Presidential election kicks off in Georgia

Polls have opened in Georgia, where people are set to vote for a new president. The country's government has given assurances the vote will be free and fair, despite fraud allegations from the opposition. More than a thousand foreign observers are set to

Surprising return

After a hard-fought campaign, Georgia is set to go to the polls to decide who will be its next president.

One of their potential choices is billionaire oligarch Badri Patarkatsishvili. The media mogul had earlier pulled out of the race after the government released video-tape footage allegedly showing him plotting to stage unrest in the days following the election. He was accused of using his TV channel, Imedi, to aid a coup attempt.

Badri Patarkatsishvili
Badri Patarkatsishvili

On Thursday he announced he would be competing after all:

“I have decided not to withdraw my candidacy and to carry on fighting to become president of Georgia and fighting to make Georgia a truly democratic country”.

The billionaire’s sudden u-turn has come as a surprise and has led to the resignation of some of his aides.

Local watchdog groups had been calling for the county's central electoral commission to disallow Patarkatsishvili from standing. They say the tycoon, along with the election favourite, ex-president Mikhail Saakashvili, had been attempting to bribe voters.

In a press conference on Wednesday, they pointed to other problems with the campaign saying these elections contain more violations and less transparency with regard to public funds.

Media under pressure

The Georgian media's been at the heart of a bitter political tussle in the run-up to the January 5 poll.

Mikhail Saakashvili
Mikhail Saakashvili

Ex-president Mikhail Saakashvili called the snap election after police clashed with demonstrators in Tbilisi on November 7. Journalists found themselves caught up in the violence. Saakashvili then had to leave his post in temporary control of Parliament Speaker, Nino Burdzhanadze, in order to participate in the election.

Following the disturbances, special forces raided and shut down the opposition TV channel, Imedi, which the authorities said was airing calls to stage a coup. During the crisis, government representatives had harsh words for the channel's journalists.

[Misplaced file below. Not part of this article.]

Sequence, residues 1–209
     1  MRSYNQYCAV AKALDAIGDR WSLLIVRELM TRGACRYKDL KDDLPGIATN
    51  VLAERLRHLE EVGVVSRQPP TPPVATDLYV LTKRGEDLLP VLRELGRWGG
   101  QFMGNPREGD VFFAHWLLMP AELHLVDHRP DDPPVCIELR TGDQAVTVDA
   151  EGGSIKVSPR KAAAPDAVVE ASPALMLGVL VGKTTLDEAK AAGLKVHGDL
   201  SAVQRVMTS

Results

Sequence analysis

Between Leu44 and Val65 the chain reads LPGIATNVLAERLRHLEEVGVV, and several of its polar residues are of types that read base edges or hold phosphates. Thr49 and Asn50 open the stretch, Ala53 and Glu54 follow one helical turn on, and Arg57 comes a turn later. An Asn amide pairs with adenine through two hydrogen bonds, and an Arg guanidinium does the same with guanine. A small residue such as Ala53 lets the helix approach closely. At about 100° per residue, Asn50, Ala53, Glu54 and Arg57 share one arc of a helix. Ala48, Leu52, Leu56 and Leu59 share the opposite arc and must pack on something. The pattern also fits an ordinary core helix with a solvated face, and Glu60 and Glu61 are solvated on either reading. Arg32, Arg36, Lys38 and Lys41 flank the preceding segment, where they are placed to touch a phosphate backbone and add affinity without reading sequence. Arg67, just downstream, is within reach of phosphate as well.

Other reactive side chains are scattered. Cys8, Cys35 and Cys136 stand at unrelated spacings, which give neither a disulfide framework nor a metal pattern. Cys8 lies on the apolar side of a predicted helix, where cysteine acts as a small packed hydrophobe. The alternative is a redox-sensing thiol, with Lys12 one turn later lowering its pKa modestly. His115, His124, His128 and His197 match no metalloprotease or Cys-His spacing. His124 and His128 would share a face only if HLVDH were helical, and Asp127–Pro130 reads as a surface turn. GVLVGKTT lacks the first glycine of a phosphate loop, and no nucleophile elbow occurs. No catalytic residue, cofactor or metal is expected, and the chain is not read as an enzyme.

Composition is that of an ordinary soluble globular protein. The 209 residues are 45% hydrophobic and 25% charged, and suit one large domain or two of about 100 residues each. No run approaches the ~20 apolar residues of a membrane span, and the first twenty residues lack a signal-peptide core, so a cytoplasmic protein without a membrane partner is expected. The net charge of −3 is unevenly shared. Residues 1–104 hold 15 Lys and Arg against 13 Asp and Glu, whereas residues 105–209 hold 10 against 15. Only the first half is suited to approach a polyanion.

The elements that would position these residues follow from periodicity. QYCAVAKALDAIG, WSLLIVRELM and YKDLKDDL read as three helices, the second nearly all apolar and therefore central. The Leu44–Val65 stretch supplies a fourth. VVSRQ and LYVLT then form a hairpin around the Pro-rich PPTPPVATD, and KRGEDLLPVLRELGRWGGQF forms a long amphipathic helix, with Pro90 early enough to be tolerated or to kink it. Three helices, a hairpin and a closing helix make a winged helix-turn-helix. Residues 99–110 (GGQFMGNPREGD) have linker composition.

The channel subsequently reopened, but within two months later, the authorities produced evidence implicating Imedi's founder and co-owner Patarkatsishvili in a plot to overthrow the government in the days following the election.

Dozens of journalists quit the channel and its management decided to take it off the air once again.

This leaves Georgia with three major TV stations remaining on air. The opposition alleges they are all subject to a pro-government bias. United opposition candidate Levan Gachechiladze has more than once lashed out at journalists from these stations and has even ordered them to leave his press conferences.

Authorities promise fully democratic vote

The authorities have brushed these issues aside. They say the elections will be fully democratic, and promise they are doing everything possible to prevent possible vote fraud.

“We will react to any violations committed by any side, be they ordinary citizens, civil servants or representatives of political parties. We will investigate and we will call the perpetrators to account according to the criminal code of Georgia,” assured Nika Gavaramia, Deputy Prosecutor General.

More than a thousand election observers will monitor the vote. They will make their findings public on January 6. Other measures to prevent electoral fraud include spraying each voter's right thumb with an ultra-violet sensitive dye.

Although local observers have highlighted some problems with the campaign and the Patarkatsishvili scandal shows no sign of abating, the Georgian authorities hope that measures like this will ensure that the elections themselves are spotless.